Set into the walls of the sanctuary are three features used in the conduct of the mass: a sedilia in the south wall, with seating for officiating priest and deacons; a piscina also in the south wall, to hold water with which to purify the communion vessels;an aumbry or cupboard in the north wall, to hold sacred vessels, the original shutters of which have disappeared. Wooden doors have been fitted to this aumbry. Also in the sanctuary is a modern (c1968) statue of Mary Magdalene, holding a model of the church.

The Nave and North Aisle were probably built at the same time, in the late 14th century. The Perpendicular style window frames are plain and square-headed - perhaps a shortage of skilled craftsmen following the Black Death obliged builders to adopt simpler designs than previously (at any rate in a poor parish that could not afford to pay over the odds for scarce craftsmen). There are two gothic pointed arches between the nave and north aisle; and one each linking nave to chancel and the tower base respectively. Like the windows, they are plain, with little decoration. There is a modern statue of the Blessed Virgin near a 1903 rood screen separating nave from chancel.

Seating arrangements for the congregation changed four times in the 19th century, most recently in 1885, when the present pews were installed, replacing chairs. Present seating capacity, excluding choir stalls, is about 150.Originally, the north aisle only extended as far back as the nave. When the tower was added, it was flanked by newly-built aisles, a westward extension of the north aisle, balanced by a south aisle west of the porch. Up to the mid-19th century, a long room occupied most of the space under the tower, together with adjoining parts of the north and south aisles. This was used as a schoolroom until the Parochial Schools building was erected on the corner of Selby Lane and Elm Avenue in 1862. Later, it served as vestry until the new vestry was built in 1975, releasing space for more seating.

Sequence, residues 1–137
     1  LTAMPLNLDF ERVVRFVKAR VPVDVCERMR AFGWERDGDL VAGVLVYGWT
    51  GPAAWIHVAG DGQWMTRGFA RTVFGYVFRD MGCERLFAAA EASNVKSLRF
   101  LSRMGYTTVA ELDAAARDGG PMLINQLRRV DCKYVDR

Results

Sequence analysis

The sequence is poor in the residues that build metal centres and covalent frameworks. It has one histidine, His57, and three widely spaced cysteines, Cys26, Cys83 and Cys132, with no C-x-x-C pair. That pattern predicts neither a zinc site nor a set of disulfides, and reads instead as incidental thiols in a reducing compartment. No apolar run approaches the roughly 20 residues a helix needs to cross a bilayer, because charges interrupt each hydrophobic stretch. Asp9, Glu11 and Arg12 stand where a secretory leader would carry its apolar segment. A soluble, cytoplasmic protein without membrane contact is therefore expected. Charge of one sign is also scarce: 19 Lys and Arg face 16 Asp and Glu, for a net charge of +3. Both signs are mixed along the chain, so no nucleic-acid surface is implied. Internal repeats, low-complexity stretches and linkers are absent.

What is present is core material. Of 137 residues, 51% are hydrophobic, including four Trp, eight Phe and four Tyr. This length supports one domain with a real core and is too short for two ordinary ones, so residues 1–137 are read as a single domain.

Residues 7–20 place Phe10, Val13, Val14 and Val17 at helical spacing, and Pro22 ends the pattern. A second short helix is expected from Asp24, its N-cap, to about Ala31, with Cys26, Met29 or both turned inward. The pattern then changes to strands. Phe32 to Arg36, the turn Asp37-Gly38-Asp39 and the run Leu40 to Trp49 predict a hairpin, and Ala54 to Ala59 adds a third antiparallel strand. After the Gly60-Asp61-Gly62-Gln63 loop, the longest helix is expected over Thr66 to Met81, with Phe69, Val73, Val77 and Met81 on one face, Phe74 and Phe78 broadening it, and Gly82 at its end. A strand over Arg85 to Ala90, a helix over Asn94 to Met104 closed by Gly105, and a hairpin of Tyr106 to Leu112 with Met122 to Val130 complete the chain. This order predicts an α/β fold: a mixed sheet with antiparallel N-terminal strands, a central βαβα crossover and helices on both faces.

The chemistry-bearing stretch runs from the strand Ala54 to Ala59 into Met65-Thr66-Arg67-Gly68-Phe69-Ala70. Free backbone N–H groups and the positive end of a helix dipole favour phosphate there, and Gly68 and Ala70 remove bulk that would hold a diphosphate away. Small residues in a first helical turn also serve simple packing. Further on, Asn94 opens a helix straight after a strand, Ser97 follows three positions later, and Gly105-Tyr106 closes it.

The South Aisle and porch are, like the tower, built of ashlar and are probably, like it, of very early 15th century origin. The south aisle is unusual in only occupying the rear of the church, so there are no arches linking it with the nave. The external walls of the porch were refaced with local limestone in the 19th century.

Personal memorials are conspicuous by their absence. Keyworth has apparently never had a resident lord of the manor or other wealthy family to leave behind alabaster tombs or brasses. Some recent windows have been installed to the memory of past rectors (Alfred Potter and his wife in the chancel, Canon Fry in the north aisle) and to celebrate the end of the Great War (in the south wall of the nave). Most recently, a Millennium window was inserted in the south aisle, depicting all the churches in the parish. Also the only village War Memorial in which those who were killed in action are recorded, is in the church (facing the porch). It is significant that all those listed from the First War are privates or junior NCOs. Keyworth had very few of the classes from which officers were recruited in those days. Incidentally, there were four Disneys mentioned - three brothers and their uncle - who had all played and triumphed in a football match - Disneys versus the rest of the village - before the War.

Particular thanks to Bob Hammond for research on this entry